“Analytics is the way of the world,” Gates says. “The numbers steer you in the right direction. They help you make decisions as a coach and help players eliminate risk and put themselves in the right position to succeed.”
In other words, Gates is betting that by valuing quantifiables like player efficiency rating, true shooting percentage, and rebound rate over mere points score or assists, he can boost numbers in the most meaningful column on his team’s ledger: wins.
In some ways, Gates believed in analytics before the buzzword was ever uttered in a locker room. In fact, he might have been an adherent without even realizing it.
Growing up in Chicago during the legendary 1990s Bulls teams, Gates was far from the only kid obsessed with basketball. But in retrospect, he now realizes that he watched those NBA games differently than most. Like everyone else, he was in awe of Michael Jordan, but he was also curious about why Jordan made the decisions he did. Why did he take the shots he took? How was he able to increase his free-throw rate? Why did he always drive to the right-hand side?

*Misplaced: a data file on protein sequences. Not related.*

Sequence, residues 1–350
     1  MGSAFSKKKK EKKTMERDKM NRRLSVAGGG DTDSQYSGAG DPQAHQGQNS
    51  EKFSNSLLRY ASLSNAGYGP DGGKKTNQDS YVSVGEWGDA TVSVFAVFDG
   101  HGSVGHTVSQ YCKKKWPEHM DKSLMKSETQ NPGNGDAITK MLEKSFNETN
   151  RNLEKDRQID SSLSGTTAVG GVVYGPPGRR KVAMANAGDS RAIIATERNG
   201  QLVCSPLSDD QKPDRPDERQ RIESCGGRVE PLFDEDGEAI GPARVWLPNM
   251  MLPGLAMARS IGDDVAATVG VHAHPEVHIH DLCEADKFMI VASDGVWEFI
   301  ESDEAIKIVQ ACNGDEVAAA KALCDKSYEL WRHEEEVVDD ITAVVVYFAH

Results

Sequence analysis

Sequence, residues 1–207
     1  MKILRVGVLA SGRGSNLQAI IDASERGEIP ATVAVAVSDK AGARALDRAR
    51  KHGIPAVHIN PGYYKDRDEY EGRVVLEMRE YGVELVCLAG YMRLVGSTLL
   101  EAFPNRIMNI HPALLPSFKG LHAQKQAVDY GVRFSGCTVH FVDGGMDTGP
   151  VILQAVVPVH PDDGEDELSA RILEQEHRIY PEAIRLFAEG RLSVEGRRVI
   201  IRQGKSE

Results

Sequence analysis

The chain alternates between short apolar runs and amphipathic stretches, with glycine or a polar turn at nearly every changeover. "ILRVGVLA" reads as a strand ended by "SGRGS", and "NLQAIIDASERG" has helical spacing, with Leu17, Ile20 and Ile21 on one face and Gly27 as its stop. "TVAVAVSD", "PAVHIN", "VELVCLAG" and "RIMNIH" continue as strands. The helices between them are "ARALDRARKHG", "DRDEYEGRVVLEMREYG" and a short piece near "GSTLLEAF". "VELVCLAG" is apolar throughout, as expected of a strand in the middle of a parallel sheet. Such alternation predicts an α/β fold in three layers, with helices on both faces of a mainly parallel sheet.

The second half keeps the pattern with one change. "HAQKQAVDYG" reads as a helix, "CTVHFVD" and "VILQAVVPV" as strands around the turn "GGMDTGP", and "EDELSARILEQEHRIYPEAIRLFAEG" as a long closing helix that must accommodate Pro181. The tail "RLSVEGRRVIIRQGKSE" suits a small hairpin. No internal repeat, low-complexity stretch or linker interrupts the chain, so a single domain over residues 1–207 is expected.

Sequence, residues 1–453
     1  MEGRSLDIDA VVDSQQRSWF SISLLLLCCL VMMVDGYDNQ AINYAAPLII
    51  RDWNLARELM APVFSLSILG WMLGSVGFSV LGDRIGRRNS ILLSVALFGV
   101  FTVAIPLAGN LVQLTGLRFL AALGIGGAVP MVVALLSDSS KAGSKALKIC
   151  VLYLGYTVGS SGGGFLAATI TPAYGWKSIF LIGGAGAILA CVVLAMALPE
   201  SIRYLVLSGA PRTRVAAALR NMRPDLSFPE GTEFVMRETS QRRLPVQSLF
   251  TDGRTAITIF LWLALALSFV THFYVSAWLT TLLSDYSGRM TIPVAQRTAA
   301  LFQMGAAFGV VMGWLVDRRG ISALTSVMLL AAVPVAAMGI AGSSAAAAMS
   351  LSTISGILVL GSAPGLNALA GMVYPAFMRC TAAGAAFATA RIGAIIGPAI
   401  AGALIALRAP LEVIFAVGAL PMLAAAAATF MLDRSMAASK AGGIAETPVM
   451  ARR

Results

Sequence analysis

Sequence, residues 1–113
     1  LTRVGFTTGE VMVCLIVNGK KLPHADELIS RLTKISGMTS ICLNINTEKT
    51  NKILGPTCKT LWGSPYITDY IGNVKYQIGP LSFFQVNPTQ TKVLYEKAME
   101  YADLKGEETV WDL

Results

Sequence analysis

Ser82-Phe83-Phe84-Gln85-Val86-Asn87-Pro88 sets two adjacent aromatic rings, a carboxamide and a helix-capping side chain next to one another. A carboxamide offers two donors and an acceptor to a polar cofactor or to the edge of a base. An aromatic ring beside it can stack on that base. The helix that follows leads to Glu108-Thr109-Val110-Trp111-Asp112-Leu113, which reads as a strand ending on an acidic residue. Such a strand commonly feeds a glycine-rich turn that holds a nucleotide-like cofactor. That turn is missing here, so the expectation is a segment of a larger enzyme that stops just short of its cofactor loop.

Gates began drawing up plays in Coach Phil Jackson’s famous triangle offense. Eventually, he was making shot charts for the Bulls and their opponents, especially Larry Bird and Magic Johnson. “I was preparing for this moment,” he says. “I knew I would be a head coach.”
But first he was a highly touted combo guard at Whitney Young High School who was recruited by none other than Mizzou’s Norm Stewart. Gates instead chose the University of California, Berkeley, where, in addition to being a three-year team captain, he was also a two-time first-team Pac-10 All-Academic. He graduated in three years with a bachelor’s degree in sociology, pursuing his master’s in education during his fourth year of eligibility as a player. In 2002, he won the Pac-10 Medal of Honor, given to the conference’s top graduating student-athlete.